What I think would happen – what I’m saying is, is that I don’t believe in any discrimination. I don’t believe in any private property should discriminate, either. And I wouldn’t attend, wouldn’t support, wouldn’t go to. But what you have to answer when you answer this point of view, which is an abstract, obscure conversation from 1964 that you want to bring up. But if you want to answer, you have to say then that you decide the rules for all restaurants and then you decide that you want to allow them to carry weapons into restaurants.
I don't know why Paul is having so much trouble explaining this. The matter is rather simple. He's a libertarian. So, he believes the free market should solve all problems, not the government. He understands why the Civil Rights Act was used but he's troubled by it? Why is he troubled by it? It's because using the federal government to tell private business how to run their businesses is a pandora's box.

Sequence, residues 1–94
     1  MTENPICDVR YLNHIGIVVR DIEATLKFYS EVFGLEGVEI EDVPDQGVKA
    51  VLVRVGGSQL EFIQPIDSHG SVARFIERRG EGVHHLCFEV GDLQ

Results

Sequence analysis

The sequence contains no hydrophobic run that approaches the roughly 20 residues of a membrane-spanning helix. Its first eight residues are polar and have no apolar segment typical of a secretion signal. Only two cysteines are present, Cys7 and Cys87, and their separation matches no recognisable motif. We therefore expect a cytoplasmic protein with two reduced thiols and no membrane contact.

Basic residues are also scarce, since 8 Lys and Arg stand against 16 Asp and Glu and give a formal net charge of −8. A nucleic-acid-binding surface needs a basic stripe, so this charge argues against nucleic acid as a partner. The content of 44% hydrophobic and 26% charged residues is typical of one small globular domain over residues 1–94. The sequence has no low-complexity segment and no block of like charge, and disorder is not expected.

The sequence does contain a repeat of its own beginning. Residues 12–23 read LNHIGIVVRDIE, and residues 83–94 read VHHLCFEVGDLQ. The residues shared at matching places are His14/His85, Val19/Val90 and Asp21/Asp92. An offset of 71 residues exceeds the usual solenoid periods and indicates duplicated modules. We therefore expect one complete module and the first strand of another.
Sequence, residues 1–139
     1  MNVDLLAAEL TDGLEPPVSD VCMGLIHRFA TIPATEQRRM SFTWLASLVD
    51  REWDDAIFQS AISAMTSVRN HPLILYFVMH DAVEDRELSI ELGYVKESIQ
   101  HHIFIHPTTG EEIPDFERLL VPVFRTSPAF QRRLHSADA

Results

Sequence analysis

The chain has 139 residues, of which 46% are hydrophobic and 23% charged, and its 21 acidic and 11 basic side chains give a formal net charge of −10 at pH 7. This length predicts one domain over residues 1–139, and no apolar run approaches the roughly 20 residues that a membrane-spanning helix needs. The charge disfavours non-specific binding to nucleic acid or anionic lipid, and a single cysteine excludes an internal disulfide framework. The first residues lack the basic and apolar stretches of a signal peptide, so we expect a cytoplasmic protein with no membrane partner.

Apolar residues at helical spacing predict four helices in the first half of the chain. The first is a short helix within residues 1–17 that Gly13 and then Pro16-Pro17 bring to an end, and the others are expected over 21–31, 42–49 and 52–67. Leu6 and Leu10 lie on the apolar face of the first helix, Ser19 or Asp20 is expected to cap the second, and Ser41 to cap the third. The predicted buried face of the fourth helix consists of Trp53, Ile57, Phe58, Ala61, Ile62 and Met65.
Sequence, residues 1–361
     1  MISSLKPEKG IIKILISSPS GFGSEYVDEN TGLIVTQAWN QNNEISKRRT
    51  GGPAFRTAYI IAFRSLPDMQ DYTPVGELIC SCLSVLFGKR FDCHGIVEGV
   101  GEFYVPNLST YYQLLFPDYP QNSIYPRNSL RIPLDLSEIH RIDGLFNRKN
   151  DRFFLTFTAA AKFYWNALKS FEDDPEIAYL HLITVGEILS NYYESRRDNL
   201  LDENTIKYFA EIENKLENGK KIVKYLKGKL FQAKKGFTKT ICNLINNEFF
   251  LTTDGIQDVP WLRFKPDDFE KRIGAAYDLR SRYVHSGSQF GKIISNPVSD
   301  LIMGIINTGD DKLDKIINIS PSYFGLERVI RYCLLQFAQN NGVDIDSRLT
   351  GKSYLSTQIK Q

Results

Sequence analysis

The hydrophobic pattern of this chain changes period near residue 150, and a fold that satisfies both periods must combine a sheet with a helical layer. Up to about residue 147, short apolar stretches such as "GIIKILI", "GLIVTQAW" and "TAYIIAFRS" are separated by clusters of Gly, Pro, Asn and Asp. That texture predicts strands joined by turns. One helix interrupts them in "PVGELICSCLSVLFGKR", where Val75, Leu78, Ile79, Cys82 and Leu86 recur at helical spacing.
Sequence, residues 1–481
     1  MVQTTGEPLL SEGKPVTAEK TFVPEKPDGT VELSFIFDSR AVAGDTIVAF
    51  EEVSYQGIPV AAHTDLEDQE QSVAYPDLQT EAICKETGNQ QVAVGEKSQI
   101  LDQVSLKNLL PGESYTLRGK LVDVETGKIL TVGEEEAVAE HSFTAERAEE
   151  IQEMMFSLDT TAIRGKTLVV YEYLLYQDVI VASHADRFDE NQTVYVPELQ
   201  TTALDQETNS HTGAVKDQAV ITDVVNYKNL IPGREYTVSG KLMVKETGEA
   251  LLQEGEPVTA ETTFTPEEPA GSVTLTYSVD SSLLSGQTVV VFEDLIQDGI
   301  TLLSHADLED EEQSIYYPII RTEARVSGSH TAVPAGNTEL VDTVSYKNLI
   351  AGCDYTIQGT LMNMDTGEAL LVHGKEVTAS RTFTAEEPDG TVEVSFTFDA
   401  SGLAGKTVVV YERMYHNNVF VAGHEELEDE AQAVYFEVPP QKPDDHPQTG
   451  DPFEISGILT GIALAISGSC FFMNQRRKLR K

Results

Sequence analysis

For instance, there is a movement to regulate salt in restaurants.
Not content with just trying to tax soft drinks, New York’s nanny-state politicians are also considering legislation to prohibit the use of salt in the preparation of restaurant food. Assemblyman Felix Ortiz introduced this absurdist bill on March 5. Ortiz is one of New York’s more strident food cops, having already introduced strict restaurant menu labeling proposals in the past. He is also following in the steps of fellow food nanny Mayor Michael Bloomberg who went so far as to compare salt to carcinogenic asbestos.
No one argues that discrimination in restaurants is abhorrent, unacceptable, and needed to be stopped. What Paul is saying is the attitude that government regulates everything it doesn't like from a private business is a pandora's box. Chuck Schumer wanted to outlaw having airlines charge for carry on bags. Where does it stop? That was what Paul was saying and he should have simply said it better.